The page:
Swarovski NL Pure 10x42

    Posted by TONY FERNANDES on Sep 20th 2020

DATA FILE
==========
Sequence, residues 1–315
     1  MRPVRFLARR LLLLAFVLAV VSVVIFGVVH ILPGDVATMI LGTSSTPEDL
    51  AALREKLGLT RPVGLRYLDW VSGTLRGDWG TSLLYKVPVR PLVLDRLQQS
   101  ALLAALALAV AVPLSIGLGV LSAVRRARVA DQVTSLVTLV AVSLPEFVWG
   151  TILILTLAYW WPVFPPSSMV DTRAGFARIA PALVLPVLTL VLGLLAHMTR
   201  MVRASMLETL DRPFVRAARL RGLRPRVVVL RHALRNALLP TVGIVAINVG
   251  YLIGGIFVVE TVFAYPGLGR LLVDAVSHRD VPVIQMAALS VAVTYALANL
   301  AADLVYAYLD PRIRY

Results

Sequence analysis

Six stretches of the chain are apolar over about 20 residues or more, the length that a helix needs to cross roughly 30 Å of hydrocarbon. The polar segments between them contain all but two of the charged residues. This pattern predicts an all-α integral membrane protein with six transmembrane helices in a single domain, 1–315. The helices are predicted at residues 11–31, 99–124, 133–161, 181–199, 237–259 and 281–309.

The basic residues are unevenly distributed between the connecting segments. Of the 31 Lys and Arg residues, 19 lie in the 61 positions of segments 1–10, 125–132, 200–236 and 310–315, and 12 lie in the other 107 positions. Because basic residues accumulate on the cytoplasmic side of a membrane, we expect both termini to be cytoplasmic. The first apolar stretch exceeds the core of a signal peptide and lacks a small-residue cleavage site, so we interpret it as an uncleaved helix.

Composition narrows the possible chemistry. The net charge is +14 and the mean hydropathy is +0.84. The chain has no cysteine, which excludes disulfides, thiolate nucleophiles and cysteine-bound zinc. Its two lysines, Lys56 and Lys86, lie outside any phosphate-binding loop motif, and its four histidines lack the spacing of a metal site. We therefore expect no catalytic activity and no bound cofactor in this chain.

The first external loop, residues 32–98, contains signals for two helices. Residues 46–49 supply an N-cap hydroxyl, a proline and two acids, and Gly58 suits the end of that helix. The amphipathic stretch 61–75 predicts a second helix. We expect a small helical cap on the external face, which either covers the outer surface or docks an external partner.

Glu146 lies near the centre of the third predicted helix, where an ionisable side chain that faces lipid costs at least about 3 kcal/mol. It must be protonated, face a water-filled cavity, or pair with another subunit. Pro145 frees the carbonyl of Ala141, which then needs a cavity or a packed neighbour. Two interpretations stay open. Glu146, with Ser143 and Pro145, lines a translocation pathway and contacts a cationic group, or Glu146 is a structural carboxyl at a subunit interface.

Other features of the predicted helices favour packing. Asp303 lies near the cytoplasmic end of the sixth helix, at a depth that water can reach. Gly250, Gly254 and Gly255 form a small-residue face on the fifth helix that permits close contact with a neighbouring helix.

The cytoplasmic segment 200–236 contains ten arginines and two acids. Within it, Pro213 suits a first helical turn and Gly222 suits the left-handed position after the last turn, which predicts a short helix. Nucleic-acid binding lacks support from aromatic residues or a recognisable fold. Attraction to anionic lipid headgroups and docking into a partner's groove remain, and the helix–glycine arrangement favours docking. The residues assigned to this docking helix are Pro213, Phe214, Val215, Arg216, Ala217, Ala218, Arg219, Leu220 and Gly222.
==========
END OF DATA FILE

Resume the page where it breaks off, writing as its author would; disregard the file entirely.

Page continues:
I pre-ordered the NL Pure binoculars in August and on the day I picked them up, I tested them against my current alpha glass, Zeiss 8x32 Victory FL's. Several categories were tested and here are the results: Resolution - was compared by using a 1951 USAF resolution chart. The NL's resolved 2 groups smaller than the Victories, as might be expected by a quality 10x vs an 8x. No surprise here. Close focus - was measured using a tape measure extended away from the binoculars and placed just below the objective. The measured close focus was 5-feet 10-inches which was closer than the stated close focus of 6.2-feet. In both measured and stated close focus, the NL's barely edged out the Victory's. Field of View - I tested field of view (FOV) with and without glasses (which I usually wear). I measured FOV by stretching a tape measure perpendicular to and 20-feet from where I was standing. The NL Pure's field FOV was 26-inches at 20-feet with and w/out glasses (e.g. eye relief is sufficient). The FOV of the Victory's was 30-inches w/out glasses but only 28-inches with glasses (e.g. eye relief not quite sufficient for me). So the Victory's edged out the NL's but only by 2-inches at 20-feet with my glasses! Eye relief - on the NL's was sufficient for me to see the entire field of view. In fact, I keep my eyecups at one click above closest and I can still see the entire field stop. With the Victory's, the eye relief is 2.5mm less (15.5 vs 18) and with glasses, I can't quite enjoy the entire FOV. Brightness - seemed equal to me, or at least I could not perceive any difference. Edge-to-edge flatness - was amazing for the NL's, but almost as good for the Victories. Flare/glare - Here is the one category where I can say the Victory edged out the NL's. I tested glare/flare by looking at an object perpendicular to the sun, and then by scanning closer and closer to the sun until the binoculars showed flare. I was able to look more toward the sun with the Victory's than the NL's. But the glare of the NL's was not excessive and we don't want to look too close to the sun anyway. Focus - is another area where some might consider the Victory's to be better. But I don't believe this to be so and I will tell you why. It takes 3/4 of a turn to go from close stop to infinity stop on the Victory's but more than twice that (1-3/4 turns) on the NL's. That would make it seem like the Victory's are much faster. Technically, from stop to stop, they are. However, the useable rotation from about 10-yards to infinity on the NL's is little more than half a turn, so a bulk of he rotation is to get to very close focus. As far as smoothness of focus, I believe the NL is smoother and the focus knob is better (perfectly) positioned for my index fingers and one-handed use. Depth of field - was measured by extending a measuring tape in front of the objective lens and then seeing how many inch markings on the tape were very clear at the close focus distance of 6-feet. The Victory's had 10-inches of tape very clear while the NL's showed 12-inches of tape in excellent focus. Ergonomics - I love my Victory's BUT once you hold the NL Pure's, you will experience a level of comfort that you have never felt before. They are not light at 30-ounces, but they are perfectly balanced and are simply a pleasure to hold. View - The view is simply the most comfortable and fatigue-free view I have ever experienced. There is one thing I will need to get used to though. Even though the NL's have a FOV that is the same as many 8x binoculars, they are still 10x and side to side motion is increased by 25% over 8x glasses. So birds seem very fast flying side to side and sometimes are a challenge to track. Practice should (hopefully) take care of this. I believe that the new Swarovski NL Pure's have set the new standard in premium optics. Give them a try and I bet you will agree.